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IT and Infrastructure
Become an Axonian
Overseeing the IT channel is quite the endeavor. It’s all about building a program that fosters success for both technology partners and their customers. Taking this on in EMEA is especially challenging, where there are 115 countries and 17 non-countries, with 200 languages spoken throughout the region.
But for Anika Registe, director of channel, EMEA at Axonius, the challenge was happily accepted. She became the first EMEA channel leader for the Axonius Correlated Partner Program in 2020. Since then, Anika’s guided the program through operational, privacy, and cultural requirements unique to the EMEA region.
And her work paid off. Anika was named to CRN’s 2023 Women of the Channel list — and for the second consecutive year. This esteemed list honors the incredible accomplishments of female leaders in the IT channel, whose vision, expertise, and contributions make an impact on the industry every day.
She sat down with us to discuss this honor, her approach to channel and EMEA, women working in channel, and more. Snippets from our conversation are included below.
Kathleen Ohlson: Congratulations on making CRN's Women of the Channel list for the second consecutive year. Can you walk us through some of your achievements in the last 12 months that landed you on the list?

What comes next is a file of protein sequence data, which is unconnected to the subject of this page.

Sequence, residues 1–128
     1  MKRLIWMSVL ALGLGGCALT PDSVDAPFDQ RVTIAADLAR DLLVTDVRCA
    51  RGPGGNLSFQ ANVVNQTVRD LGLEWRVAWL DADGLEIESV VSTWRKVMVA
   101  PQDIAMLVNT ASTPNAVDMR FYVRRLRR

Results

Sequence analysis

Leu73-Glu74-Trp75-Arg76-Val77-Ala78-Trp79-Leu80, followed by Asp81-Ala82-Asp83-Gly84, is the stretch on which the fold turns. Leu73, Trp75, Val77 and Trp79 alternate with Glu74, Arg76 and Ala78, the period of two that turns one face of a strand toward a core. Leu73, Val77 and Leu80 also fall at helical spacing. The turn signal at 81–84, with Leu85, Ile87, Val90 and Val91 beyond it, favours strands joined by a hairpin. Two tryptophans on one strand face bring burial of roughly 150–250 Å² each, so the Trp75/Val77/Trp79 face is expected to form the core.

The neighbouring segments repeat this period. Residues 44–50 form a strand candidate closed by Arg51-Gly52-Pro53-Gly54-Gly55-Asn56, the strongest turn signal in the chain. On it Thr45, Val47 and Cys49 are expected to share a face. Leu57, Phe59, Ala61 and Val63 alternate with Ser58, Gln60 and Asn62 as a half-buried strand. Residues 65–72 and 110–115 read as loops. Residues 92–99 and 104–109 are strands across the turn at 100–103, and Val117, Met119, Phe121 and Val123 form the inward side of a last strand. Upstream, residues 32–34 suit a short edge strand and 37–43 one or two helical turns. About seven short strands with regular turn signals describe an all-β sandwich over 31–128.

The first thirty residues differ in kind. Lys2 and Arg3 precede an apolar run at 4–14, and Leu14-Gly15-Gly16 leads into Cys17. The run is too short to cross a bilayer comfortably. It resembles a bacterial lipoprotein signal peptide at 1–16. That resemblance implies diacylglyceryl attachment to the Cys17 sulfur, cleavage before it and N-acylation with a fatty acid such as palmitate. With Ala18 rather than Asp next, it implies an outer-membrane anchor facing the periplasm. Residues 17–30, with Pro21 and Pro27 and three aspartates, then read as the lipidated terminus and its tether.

Anika Registe: We’re really being quite mindful of how we build the partner ecosystem, specifically the type of partners that we're looking for. Some channel strategies sign everybody up, but I’ve asked my team to not do that. I've asked my team to be very conscious of the types of customers that we're looking for, and the prospects and verticals that we're targeting.
Recruiting partners has changed in the last 5 to 10 years. Now partners want to build longer term relationships with their vendors and use those to build them with their customers. It's not only about the margin that they make on the sale — it’s what else partners can wrap around. This is what has helped us to grow the ecosystem around our professional services. I think the prospect of using our technology and wrapping services around it is really attractive.
I think we have really grown the landscape in EMEA exponentially. We're targeting partners who work with prospects that are relevant for us. And I think that's a massive difference to some of the other programs that I've been involved with.
Ohlson: What does it mean for you to make the list for a second time?